The Australian Ballet, Bangarra, Sydney Dance Company and Queensland Ballet are just a few of the companies suffering with cancellations and rescheduling however many have found ways to keep them front and centre.

Some are reaching out to the public for financial support while The Australian Ballet’s artistic director, David Hallberg, has announced upbeat plans for the second half of 2021.

 

 The first plan, announced late in May, is The Telstra Emerging Choreographer that offered “aspiring choreographers from all genres of dance the chance to create new work and the opportunity to take part in The Australian Ballet’s 2022 Bodytorque program, and to receive a cash prize of AU$10,000, courtesy of Telstra”.

 

“Aspiring choreographers” may be excited but if they’re chosen by TAB will they have an on going opportunities to show their ability and skills in the future?

 

In recent years the company’s choreographers included Stephen Baynes, a resident choreographer with The Australian Ballet since 1995, Tim Harbour, who began his debut as a choreographer in 2010 and continued to choreograph works for other companies including New York City Ballet, Queensland Ballet and West Australian Ballet and Stanton Welch who received his first choreographic commission in The Australian Ballet in 1990 from the company then many more for the following 14 years.

 

They were all dancers in The Australian Ballet before they were resident choreographers. 

Now their names aren’t on the company’s website.  

 

Early in July the second upbeat TAB announcement was DanceX an “inaugural event… conceived and curated by The Australian Ballet’s artistic director David Hallberg that will showcase the depth, range and diversity of the nation’s dance community. Eight companies – The Australian Ballet, Bangarra Dance Theatre, Sydney Dance Company, Chunky Move, Lucy Guerin Inc, Australian Dance Theatre, Queensland Ballet and West Australian Ballet – will perform in two parts.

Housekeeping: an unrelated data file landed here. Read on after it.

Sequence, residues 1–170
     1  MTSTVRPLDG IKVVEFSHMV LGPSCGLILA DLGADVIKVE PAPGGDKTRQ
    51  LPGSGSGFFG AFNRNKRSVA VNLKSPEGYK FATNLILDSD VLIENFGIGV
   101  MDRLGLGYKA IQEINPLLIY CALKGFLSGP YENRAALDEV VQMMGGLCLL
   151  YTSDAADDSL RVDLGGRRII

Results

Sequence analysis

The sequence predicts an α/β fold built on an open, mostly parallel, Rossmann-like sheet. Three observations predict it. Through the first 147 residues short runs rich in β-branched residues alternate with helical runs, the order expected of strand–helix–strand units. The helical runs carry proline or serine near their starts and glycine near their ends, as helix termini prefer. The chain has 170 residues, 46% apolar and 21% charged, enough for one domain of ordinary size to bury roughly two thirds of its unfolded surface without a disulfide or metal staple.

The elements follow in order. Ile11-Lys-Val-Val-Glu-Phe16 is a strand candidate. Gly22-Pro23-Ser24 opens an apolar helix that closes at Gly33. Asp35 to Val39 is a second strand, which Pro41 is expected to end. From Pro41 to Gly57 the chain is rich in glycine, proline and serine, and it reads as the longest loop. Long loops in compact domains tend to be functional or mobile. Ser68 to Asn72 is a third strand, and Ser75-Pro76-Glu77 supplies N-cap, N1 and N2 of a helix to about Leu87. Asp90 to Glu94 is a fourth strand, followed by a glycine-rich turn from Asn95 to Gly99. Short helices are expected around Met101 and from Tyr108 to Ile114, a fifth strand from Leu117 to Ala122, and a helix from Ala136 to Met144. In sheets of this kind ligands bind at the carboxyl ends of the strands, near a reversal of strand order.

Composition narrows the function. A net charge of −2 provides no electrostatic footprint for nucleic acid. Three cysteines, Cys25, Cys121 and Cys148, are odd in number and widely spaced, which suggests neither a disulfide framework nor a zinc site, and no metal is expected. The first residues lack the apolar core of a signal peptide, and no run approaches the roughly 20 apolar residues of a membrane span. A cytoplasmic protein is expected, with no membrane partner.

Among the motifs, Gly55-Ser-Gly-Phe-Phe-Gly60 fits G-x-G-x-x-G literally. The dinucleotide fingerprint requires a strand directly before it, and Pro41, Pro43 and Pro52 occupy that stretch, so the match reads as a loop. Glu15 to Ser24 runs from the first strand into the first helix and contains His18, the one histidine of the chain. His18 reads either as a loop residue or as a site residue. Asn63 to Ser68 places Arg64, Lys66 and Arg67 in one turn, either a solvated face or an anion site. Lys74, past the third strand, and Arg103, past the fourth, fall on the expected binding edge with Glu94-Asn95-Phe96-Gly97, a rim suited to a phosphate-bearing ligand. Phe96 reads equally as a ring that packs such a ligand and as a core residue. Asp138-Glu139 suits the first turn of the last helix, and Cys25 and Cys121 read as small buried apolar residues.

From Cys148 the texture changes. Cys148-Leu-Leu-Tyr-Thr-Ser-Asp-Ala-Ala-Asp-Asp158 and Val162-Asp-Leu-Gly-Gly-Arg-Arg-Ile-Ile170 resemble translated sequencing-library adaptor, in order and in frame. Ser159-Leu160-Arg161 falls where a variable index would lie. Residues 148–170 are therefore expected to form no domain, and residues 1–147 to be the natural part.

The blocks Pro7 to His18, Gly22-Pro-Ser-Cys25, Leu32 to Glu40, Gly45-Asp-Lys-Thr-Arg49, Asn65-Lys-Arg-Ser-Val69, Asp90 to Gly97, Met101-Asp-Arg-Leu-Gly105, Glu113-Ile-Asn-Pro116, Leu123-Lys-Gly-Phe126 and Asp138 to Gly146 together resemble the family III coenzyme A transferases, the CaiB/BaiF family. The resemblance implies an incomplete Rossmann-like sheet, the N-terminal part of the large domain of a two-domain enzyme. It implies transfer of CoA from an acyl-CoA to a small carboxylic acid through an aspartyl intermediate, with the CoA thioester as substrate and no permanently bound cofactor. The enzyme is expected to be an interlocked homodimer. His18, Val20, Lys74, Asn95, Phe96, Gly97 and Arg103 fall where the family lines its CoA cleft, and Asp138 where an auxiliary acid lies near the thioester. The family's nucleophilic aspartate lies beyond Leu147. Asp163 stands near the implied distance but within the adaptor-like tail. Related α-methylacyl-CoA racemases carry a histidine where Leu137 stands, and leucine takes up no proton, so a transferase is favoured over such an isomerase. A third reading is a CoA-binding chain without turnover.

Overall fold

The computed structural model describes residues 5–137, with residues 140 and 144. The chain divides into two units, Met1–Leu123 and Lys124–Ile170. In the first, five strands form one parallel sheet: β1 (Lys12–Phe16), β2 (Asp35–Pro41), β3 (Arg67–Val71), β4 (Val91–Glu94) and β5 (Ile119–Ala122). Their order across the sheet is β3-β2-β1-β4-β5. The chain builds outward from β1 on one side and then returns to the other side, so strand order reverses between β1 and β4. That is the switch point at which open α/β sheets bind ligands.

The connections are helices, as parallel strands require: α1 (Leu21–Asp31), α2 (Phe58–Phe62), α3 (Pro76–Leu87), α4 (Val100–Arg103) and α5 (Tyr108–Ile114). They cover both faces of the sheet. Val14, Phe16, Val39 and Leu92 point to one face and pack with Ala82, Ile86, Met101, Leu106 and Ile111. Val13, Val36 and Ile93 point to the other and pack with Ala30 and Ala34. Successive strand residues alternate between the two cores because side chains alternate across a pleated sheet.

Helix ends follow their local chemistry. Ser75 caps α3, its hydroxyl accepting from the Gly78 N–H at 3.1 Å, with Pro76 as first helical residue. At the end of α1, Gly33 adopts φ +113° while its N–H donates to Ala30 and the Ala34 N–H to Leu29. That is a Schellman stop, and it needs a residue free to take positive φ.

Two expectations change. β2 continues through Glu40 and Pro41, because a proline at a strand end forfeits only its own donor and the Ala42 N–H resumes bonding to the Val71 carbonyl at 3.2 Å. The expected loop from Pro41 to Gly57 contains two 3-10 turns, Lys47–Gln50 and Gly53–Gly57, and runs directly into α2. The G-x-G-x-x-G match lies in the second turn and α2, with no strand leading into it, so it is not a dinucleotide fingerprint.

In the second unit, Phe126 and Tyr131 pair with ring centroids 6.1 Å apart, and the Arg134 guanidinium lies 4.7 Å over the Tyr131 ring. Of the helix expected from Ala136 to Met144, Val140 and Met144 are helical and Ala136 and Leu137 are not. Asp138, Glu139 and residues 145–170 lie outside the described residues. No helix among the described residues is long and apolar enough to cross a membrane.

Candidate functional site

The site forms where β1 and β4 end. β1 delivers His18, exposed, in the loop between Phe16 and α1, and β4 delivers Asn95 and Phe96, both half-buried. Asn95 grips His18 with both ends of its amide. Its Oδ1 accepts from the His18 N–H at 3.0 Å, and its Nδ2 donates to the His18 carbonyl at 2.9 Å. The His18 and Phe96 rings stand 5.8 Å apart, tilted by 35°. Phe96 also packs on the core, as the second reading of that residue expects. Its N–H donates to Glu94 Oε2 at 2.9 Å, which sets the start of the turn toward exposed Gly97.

“This September, dance companies from around Australia will gather at Arts Centre Melbourne for this. DanceX is a two-part festival conceived and curated by The Australian Ballet’s Artistic Director David Hallberg that will showcase the depth, range and diversity of the nation’s dance community. Eight companies – The Australian Ballet, Bangarra Dance Theatre, Sydney Dance Company, Chunky Move, Lucy Guerin Inc, Australian Dance Theatre, Queensland Ballet and West Australian Ballet – will perform in two parts”.

“The Australian Ballet will perform in both parts, presenting the Australian premiere of Johan Inger’s comic, romantic dance theatre piece I New Then, set to songs by Van Morrison.”

Depending on the up and down problems caused by the pandemic Melbourne could be the tentpole of ballet in Australia. DanceX will take place at Arts Centre Melbourne in late September and early October, a month before the debut of Project Animo.

In an interview with Limelight magazine Hallberg said he began to think about the project last year “in September or October when he was still in New York, preparing to move to Australia”.

At that time the NYCityCenter announced that the Fall for Dance Festival would premiere on October 21. There were five programs, the first by Miami City Ballet, a new work by a New York City Ballet soloist. After that the remaining programs included Pennsylvania Ballet, American Ballet Theatre, Alvin Ailey American Dance Theater and Les Ballets Trockadero.de Monte Carlo.

Program 5 included a solo for David Hallberg, choreographed by Mark Morris an American dancer and choreographer who formed his own modern dance company, the Mark Morris Dance Group. 

When The Australian Ballet’s 2021 repertoire was revealed it came with a phrase that’s continued through the year so far. A New Era.

Promoting the new repertoire the company reached out to the public: “We invite you to experience a new era of artistry that will bring the world to our company and our company to the world”.

Since then, A New Era is almost a logo linked to The Australian Ballet

From September there will definitely be a new era that’s likely to change the way we see ballet in Australia from the end of the year and beyond.